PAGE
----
Let me ask you this question ‘could God have a purpose in our pain?’ I have seen it happen too many times.
Fiona was a member of our congregation for a number of years and she suffered from a degenerative disease of her nervous system – not too dissimilar from Stephen Hawking. It was a horrible disease – the result was that little by little her body was failing her. She was interviewed at the front of the church shortly before she died – by which time she could not move any of her limbs and had little control over her head. She was going deaf, her eye-sight was failing her and she could only speak very slowly and deliberately  yet she could still say ‘I would rather be in this wheelchair and know Jesus than be able-bodied and not.’For her eternal happiness – a relationship with God – trumped everything. Even a life that most people would pity.

If you’ve come this morning to church and your first thought is that God’s job is to simply make you happy – well first, you’ll be disappointed because that isn’t how life works, and secondly, you’ll never make sense of the deeper work that God wants to do in your life.What if God’s purpose is not to make me happy in this world – in a simply superficial sense – what if his goal is more to make you happy in the next? What if suffering could be redemptive?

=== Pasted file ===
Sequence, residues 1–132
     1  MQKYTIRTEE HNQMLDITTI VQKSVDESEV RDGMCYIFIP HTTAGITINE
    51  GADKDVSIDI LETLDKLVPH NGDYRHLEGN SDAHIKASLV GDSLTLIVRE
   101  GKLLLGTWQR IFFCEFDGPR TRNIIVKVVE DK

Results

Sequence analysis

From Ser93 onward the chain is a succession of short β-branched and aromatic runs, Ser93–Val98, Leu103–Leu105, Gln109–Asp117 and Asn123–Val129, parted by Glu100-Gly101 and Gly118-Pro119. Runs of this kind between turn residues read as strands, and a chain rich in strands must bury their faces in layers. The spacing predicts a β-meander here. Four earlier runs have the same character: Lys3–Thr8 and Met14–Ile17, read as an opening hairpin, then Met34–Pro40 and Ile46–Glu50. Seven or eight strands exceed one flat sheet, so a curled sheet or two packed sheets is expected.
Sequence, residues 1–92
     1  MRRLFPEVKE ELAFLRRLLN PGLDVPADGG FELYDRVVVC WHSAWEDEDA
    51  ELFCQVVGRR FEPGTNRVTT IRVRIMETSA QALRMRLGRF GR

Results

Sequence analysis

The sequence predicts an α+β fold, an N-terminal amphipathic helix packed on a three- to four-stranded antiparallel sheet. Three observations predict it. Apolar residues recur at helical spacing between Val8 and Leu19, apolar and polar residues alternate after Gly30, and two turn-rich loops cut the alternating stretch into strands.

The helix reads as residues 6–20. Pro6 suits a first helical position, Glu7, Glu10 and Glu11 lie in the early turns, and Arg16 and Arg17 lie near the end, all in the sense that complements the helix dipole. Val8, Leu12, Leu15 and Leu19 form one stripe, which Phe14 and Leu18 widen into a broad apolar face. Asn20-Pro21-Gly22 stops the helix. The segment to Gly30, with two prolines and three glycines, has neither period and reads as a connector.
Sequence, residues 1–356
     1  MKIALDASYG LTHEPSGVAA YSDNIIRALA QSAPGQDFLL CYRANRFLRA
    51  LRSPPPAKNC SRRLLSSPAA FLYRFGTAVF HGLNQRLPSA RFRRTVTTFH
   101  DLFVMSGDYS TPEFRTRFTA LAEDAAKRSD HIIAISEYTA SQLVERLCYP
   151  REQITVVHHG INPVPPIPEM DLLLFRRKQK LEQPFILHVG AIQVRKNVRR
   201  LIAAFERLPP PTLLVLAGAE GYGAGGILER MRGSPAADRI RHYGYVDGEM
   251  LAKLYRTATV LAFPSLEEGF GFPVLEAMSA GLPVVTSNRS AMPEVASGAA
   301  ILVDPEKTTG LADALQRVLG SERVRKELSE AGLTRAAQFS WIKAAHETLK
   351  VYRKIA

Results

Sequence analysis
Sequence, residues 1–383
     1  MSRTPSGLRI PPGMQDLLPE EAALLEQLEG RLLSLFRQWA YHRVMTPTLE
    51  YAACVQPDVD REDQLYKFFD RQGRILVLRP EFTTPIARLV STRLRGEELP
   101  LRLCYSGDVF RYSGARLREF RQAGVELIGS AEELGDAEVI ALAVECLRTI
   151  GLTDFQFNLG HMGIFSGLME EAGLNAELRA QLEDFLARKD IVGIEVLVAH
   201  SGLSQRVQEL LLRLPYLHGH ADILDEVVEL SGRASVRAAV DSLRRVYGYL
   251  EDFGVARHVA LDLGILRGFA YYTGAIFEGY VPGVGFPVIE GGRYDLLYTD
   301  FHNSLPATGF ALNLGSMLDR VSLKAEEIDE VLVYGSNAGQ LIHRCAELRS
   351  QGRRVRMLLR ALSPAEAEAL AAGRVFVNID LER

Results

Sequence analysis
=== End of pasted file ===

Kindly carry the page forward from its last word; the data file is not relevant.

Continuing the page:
The book of Job teaches us that God knows what he’s doing and we can trust him.

The great news this morning is that God has more to say
2) God experiences our pain
John Stott was honest enough to say ‘I could never myself believe in God, if it were not for the cross . . .In the real world of pain, how could one worship a God who was immune to it?’The comfort and consolation for any of us experiencing suffering is that if the gospel of Jesus Christ is true then we can say ‘God knows exactly what I’m going through.’

Tim Keller comments ‘we do not know the reason God allows evil and suffering to continue, or why it is so random, but now at least we know what the reason is not. It cannot be that he does not love us. It cannot be that he doesn’t care. He is so committed to our ultimate happiness that he was willing to plunge into the greatest depths of suffering himself. He understands us, he has been there, and he assures us that he has a plan to eventually wipe away every tear. Someone might say, “But that’s only half an answer to the question ‘Why?’ Yes, but it is the half we need.’